Taste of past places

I wanted to write a cadralor for the dverse prompt. I don’t think this is one really, and it needs more work, but it’s late. I’ll look at it again another time.

Taste of past places

We never ate out when I was growing up.
No money for that kind of thing
and where would we have gone?
Only with you, always with you, to sit watching you,
the sensual joy of watching enjoyment, indulgence,
and on your skin, the candlelight.

Hilltop town encircled by vineyards,
Giotto colours, background of ochre and eggshell blue sky.
I never even imagined living there.
Too close to perfection, even longing
for a green-shuttered house of orange stone
would have been a sin.

Shrieking brakes and voices raised,
anger dying down as easily as it flared.
Laughter and the roar of a scooter.
The gutters were full of cigarette packets, Nazionali,
And the streets always smelled of urine,
and pizza bianca from the darkly enticing trattorie.

So many times we slipped in among the students
and workers, the noisy, crowded places
where food was cheap, and there was no menu.
Always spaghetti with tomatoe sauce. Basil leaves.
We were i ragazzi francesi
not knowing enough Italian to put them straight.

Nights I smell things. The migraines do that.
Perfume sometimes or odd, dead things.
But I never smell pines and Nazionali,
sun cream with sand in it, pizza bianca,
Frascati and red Colli di Trasimeno.
I never smell the past that was where we began.


What we would do, if we could

Painting by Anders Zorn.

What we would do, if we could

I would heave these shadows overboard,
watch them shred in the spray,
blow away in the mist,
and let the sweet sea-light
flood all the dark places.

The dog with black ears
keeps a wary eye on the drunk,
singing now, but when he remembers
his bitterness with the world,
he will heap it all on that uncomplaining head.

Sun bakes beach sand brittle,
shrivelling the green of spring,
and we are blinded by wave-glitter.
There’s a haven over the water, they say,
but who dares swim in such fire?

A chaffinch sings in the summer tree,
filling the holes in the silence.
Flowers bloom between your words,
and you ask, how I can be sad in such a garden.
You don’t notice the roses falling.

Just spread grass beneath my feet,
forest shade about my shoulders,
let the wind make music in the leaves
and let me sit with you
while the rain drops diamonds.

Something better is coming, perhaps

Cadralor inspired by yesterday’s Mechanical Oracle word suggestions.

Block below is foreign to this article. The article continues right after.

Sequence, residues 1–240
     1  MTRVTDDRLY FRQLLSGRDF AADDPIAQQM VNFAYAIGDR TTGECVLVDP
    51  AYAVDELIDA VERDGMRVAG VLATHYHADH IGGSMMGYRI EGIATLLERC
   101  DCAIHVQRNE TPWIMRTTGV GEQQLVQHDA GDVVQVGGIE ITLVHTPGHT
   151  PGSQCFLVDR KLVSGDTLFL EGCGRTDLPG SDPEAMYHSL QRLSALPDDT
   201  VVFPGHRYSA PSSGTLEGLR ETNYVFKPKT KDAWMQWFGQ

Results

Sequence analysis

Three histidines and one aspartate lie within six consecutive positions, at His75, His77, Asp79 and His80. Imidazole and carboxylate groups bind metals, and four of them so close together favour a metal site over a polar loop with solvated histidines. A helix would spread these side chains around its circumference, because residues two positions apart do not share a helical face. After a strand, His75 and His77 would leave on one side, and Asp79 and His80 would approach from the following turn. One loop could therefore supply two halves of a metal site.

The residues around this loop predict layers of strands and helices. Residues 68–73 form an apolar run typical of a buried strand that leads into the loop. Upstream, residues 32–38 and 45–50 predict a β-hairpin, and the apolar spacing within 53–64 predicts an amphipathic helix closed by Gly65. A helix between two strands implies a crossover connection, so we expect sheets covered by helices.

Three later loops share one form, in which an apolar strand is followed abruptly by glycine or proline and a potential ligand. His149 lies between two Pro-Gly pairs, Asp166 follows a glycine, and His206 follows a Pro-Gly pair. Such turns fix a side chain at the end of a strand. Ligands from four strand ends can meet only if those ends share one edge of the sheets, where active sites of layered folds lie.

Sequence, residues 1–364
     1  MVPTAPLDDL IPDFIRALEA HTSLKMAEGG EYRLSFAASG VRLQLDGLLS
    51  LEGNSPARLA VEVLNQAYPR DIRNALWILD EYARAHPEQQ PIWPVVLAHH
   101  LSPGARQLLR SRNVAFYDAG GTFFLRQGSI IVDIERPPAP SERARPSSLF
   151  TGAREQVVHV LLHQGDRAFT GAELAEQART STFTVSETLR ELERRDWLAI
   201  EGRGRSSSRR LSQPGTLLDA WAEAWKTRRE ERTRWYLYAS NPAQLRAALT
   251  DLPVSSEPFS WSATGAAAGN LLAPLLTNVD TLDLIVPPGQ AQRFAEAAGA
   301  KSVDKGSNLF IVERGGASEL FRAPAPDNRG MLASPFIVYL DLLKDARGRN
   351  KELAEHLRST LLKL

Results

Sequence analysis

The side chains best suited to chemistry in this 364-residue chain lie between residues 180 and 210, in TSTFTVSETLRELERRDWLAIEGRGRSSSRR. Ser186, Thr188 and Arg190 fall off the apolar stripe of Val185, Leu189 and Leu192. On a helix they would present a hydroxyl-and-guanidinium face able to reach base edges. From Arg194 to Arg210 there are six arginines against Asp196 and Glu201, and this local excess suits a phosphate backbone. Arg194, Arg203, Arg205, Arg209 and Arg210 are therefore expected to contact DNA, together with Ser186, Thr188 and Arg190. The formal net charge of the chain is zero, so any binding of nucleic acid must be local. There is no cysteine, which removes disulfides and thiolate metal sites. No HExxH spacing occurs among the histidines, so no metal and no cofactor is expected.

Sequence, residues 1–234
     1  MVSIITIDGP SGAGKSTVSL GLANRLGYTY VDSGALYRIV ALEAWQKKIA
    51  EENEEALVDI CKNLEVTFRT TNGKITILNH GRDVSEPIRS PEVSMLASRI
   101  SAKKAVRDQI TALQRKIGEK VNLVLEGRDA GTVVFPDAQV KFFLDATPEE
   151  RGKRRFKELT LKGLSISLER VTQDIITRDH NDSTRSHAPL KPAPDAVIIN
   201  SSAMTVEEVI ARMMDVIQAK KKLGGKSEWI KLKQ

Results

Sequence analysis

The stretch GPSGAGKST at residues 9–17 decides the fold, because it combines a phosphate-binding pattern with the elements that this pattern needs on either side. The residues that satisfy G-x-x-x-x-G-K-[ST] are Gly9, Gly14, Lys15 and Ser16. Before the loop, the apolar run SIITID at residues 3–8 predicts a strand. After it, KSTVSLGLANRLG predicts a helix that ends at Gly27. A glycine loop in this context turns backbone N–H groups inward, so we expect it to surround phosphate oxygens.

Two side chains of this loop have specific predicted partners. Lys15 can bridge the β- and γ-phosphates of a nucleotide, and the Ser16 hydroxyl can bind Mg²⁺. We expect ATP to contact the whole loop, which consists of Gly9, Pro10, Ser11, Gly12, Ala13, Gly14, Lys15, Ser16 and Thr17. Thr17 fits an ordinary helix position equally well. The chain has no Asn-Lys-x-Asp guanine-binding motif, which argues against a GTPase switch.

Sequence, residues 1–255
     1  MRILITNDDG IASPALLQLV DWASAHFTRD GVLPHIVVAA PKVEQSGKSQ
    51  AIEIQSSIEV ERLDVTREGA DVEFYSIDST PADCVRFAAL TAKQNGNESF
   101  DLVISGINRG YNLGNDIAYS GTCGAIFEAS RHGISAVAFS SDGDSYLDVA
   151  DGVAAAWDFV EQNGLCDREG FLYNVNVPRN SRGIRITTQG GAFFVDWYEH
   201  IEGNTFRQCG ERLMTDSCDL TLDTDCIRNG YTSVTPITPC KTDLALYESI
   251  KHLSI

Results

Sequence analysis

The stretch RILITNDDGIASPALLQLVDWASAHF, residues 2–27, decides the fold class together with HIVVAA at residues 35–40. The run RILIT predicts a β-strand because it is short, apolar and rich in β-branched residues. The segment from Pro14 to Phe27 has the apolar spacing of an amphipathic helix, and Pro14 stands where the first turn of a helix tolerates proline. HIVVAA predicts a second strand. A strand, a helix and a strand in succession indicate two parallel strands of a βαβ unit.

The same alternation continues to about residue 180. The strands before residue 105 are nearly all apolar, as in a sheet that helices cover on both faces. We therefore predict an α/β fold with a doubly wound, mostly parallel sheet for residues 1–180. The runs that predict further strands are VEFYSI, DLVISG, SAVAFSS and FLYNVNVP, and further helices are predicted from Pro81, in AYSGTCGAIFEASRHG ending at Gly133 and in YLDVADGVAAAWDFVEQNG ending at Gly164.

Something better is coming, perhaps

The letter stays unwritten,
the bell tolls in the rain,
and faces turn away, thin lips tightened,
keeping their words of kindness
for themselves.

The river has burst its banks,
the bridge unpassable.
Caught between here and high waters,
I wade into the leaf-swirl,
become a broken branch.

Summer oranges
in the sieved sunlight,
the smell of bread and coffee,
such wealth in this room
that has only ever known poverty.

The scales are level but only here,
on this cusp of time and place.
Beyond, greedy hands are building the pyre.
So much ash in the balance,
and I have nothing left to counter it all.

Night trees roll in a wave of ink,
the fierce day is over,
its heat drenched in the cool swell,
and joy in the shadows runs wild,
dark and sweet as purple wine.

A better place

The Oracle has her work cut out for her, to create a little optimism.

A better place

Who are these people who want?
To be, to have something different?
Refugees from themselves, ship-searching,
looking for an ocean of their own creation.

There is bitterness in this dawn
that drips with cold mist,
the kind that rots and rusts
even the brightest things.

They tell me there’s an entity
up there in the sky or down in the cool earth,
a mother watching, guiding.
I think I feel her presence, a mother screaming.

Perhaps the sun rises for this,
to end these mad dreams,
to dry up the mists that hide what’s really there,
the fallen trees, the orange decomposition of leaves cars.

Only when the storm dies
do we hear the sea whisper, of blue and better times,
a place where the only pounding is the surf,
and spring is soft rain and apple blossom.

Things that fade, things to come

Things that fade, things to come

The roses have fallen
wind-plucked petals